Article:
Nino-san (ニノさん) is a variety show that is in prototype phase – trying out different formats each week to see which one will work best. So far, though, it looks like the formats being offered are built around the use of VTRs, and this one promises to be no different.

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The guest MC for the episode is Chihara Junior-san, whose humor usually requires Japanese language abilities far beyond mine. I don’t think we’re going to get too much from him, though. Well, except for the little beginning bit where he slaps the critique of the week onto Ninomiya-kun.

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Chihara-san’s critique says that Nino-kun smirks too much. Hard to argue with that one.

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The format for this episode was a “it happened on this day” show, so we’re going to get to hear a lot about what happened on May 9th in (recent, entertaining) history. Just as a clarification, this episode is technically dated May 8th in TV listings, but it airs after midnight, so it was really on in the wee hours of May 9th.

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So yeah, given that the show is about “Dramatic moments in May 9th”, it’s hard to see how we’ll avoid a slew of VTRs, including this first intro one.

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The main logo and the set, including the weird title “Grateful Todays” and the background music, make this sound like a Christian inspirational show.

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So does the set:

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Nino-kun is a fountain of body language, by the way.

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They make a lot of silly notes about May 9th, including the fact that when said in Japanese as “Mei Ku” (ku=9), it becomes make-up day (since meiku = make-up). So, add that to the list of things you really didn’t need to know. Make sure there’s room on the list, though.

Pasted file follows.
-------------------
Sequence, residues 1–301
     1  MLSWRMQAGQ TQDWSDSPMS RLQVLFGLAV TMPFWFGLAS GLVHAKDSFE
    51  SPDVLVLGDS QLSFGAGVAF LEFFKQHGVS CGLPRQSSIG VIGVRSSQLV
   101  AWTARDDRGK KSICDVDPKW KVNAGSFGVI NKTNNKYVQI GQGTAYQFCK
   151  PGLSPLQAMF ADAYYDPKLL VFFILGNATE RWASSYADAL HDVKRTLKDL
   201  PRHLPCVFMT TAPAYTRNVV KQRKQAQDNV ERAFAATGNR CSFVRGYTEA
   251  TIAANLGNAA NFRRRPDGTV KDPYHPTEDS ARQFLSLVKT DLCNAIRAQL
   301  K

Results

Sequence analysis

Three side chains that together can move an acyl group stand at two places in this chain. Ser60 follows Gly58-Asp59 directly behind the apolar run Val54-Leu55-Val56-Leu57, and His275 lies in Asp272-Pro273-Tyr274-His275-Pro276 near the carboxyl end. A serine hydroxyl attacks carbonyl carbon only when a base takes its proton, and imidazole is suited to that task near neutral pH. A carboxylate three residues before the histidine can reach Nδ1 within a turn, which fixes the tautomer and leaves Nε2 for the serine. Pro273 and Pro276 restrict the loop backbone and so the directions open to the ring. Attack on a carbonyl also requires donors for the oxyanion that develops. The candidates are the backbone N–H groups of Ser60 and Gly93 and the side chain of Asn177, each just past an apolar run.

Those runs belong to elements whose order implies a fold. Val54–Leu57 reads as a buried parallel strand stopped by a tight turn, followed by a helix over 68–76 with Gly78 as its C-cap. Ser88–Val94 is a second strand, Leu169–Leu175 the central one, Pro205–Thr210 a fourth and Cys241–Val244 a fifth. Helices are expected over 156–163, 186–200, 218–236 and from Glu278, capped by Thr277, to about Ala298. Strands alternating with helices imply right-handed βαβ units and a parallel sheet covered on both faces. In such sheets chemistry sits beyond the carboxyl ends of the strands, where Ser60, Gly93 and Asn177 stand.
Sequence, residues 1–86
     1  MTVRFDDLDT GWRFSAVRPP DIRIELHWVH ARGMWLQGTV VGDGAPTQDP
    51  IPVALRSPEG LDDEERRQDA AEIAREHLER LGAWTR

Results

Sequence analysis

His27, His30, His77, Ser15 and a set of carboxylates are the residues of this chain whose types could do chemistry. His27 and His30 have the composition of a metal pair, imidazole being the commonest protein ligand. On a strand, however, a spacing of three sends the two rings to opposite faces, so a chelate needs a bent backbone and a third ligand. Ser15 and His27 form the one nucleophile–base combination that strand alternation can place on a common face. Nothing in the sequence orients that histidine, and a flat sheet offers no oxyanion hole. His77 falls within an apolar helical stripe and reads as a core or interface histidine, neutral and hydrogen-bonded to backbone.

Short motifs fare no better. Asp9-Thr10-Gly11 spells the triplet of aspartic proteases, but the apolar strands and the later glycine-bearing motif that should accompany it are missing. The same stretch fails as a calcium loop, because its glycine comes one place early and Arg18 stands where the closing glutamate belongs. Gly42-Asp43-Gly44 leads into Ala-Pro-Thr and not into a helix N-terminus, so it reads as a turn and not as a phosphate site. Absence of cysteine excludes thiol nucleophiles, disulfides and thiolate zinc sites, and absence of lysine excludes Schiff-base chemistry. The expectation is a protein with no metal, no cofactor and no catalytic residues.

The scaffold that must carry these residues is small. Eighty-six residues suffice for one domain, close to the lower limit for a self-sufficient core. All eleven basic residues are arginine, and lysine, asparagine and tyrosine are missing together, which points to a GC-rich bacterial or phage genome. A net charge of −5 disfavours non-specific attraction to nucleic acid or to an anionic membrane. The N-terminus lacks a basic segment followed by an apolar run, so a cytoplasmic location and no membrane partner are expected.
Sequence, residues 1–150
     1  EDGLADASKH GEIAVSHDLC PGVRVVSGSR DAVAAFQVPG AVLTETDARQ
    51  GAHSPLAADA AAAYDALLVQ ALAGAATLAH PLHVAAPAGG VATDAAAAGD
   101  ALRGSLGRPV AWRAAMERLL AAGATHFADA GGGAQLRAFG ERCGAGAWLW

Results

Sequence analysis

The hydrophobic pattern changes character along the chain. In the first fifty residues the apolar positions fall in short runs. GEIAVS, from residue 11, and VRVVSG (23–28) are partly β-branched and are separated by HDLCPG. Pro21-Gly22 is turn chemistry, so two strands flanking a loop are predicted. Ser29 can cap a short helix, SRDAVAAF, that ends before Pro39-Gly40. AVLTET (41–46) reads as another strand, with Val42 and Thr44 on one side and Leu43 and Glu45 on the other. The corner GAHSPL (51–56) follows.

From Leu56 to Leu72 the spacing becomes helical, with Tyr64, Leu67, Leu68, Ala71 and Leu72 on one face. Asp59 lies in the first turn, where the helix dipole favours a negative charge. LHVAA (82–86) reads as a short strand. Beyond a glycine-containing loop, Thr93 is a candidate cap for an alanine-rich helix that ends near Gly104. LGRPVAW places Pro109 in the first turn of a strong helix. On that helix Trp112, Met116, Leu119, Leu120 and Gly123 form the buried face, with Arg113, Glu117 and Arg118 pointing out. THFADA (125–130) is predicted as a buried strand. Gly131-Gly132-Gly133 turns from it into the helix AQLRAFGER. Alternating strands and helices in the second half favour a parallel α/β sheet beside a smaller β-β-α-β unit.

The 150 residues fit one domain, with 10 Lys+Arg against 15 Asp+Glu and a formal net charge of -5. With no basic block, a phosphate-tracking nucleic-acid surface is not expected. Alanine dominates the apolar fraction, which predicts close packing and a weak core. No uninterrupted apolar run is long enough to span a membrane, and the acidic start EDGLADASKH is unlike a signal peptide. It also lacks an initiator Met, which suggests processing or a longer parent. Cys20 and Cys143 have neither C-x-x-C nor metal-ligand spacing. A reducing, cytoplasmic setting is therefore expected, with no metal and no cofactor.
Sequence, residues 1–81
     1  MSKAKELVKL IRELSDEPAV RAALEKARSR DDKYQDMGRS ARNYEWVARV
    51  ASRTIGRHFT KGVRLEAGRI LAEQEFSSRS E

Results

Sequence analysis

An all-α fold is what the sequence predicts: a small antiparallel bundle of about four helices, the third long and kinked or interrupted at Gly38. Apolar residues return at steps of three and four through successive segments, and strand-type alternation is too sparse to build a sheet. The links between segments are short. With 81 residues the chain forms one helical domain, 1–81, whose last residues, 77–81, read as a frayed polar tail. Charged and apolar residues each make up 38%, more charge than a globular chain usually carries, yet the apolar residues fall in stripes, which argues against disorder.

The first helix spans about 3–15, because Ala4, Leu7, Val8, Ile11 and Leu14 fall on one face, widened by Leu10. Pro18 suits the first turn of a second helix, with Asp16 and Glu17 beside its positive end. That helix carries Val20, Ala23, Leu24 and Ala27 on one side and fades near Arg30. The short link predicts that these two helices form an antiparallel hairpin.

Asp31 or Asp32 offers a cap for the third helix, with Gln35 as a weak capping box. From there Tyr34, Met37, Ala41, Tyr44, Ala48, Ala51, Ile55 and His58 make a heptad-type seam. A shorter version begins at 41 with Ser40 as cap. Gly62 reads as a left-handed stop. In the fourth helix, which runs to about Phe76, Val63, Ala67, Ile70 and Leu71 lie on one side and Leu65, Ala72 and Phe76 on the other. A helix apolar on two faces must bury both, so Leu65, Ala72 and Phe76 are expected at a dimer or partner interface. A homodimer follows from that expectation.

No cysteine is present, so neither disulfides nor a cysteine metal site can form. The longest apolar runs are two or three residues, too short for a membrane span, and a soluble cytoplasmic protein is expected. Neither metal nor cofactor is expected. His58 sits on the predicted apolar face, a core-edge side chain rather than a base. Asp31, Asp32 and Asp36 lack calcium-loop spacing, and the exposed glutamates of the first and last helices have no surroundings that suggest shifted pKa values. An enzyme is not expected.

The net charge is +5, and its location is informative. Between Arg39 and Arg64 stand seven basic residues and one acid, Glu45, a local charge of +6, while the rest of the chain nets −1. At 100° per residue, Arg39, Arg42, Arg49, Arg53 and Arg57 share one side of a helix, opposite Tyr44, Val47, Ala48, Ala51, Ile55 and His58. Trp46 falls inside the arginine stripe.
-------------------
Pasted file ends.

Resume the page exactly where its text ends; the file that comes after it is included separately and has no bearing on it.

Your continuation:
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Turns out Arashi released “Face Down” on May 9th – a fact that even Nino-kun was surprised by because he wisely stuffs his brain with far more important information.

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If it seems like I’m already down on this format, it’s because they have to resort to gimmicks like this to keep things interesting:

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That’s the god of May 9th, apparently. Unfortunately, his voice is a bit disembodied, or at least the show’s announcer speaks for him.

The billboard he brings out has a bunch of topics on it . . .

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. . . but Chihara-san quickly sees a pattern . . .

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. . . and doesn’t look too thrilled at the prospect.

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Apparently, the producer for this episode is a bit Onita Atsushi fan. For those who don’t know who Onita-san is . . .

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. . . we get a VTR depicted some of his pro-wrestling exploits.

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The story they pick, though, is about a certain press conference Onita-san nearly managed to handle properly . . .

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. . . until he said something about SM which I will not attempt to translate because getting it wrong would be . . . bad.

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They’re actually interested in what his advisor whispered in his ear when he made his SM comment, so they have a guy staring intently at the screen, trying to read the advisor’s lips.

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After that VTR, we go back to the studio to briefly look at how Nino-kun and Chihara-san are doing.

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They look fine, so cue up the next VTR . . . about Onita-san . . .

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. . . which does the intro VTR over again. A funny move (thanks to Nino-kun’s objections), but also suspiciously time-wasting.

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The incident involving Onita-san was about the time he tried to be a pitcher. I already don’t care about pro-wrestling. I can’t even muster the energy for a yawn about a pro-wrestler making a fool of himself trying to pitch.